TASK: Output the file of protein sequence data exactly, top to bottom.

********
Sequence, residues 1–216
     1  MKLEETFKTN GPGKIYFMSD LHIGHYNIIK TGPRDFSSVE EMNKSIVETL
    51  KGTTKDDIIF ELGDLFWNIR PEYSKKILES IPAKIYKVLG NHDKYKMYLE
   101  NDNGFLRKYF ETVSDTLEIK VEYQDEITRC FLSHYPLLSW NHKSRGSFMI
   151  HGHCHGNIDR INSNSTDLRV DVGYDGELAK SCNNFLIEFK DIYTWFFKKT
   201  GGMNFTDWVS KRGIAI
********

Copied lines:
Sequence, residues 1–216
     1  MKLEETFKTN GPGKIYFMSD LHIGHYNIIK TGPRDFSSVE EMNKSIVETL
    51  KGTTKDDIIF ELGDLFWNIR PEYSKKILES IPAKIYKVLG NHDKYKMYLE
   101  NDNGFLRKYF ETVSDTLEIK VEYQDEITRC FLSHYPLLSW NHKSRGSFMI
   151  HGHCHGNIDR INSNSTDLRV DVGYDGELAK SCNNFLIEFK DIYTWFFKKT
   201  GGMNFTDWVS KRGIAI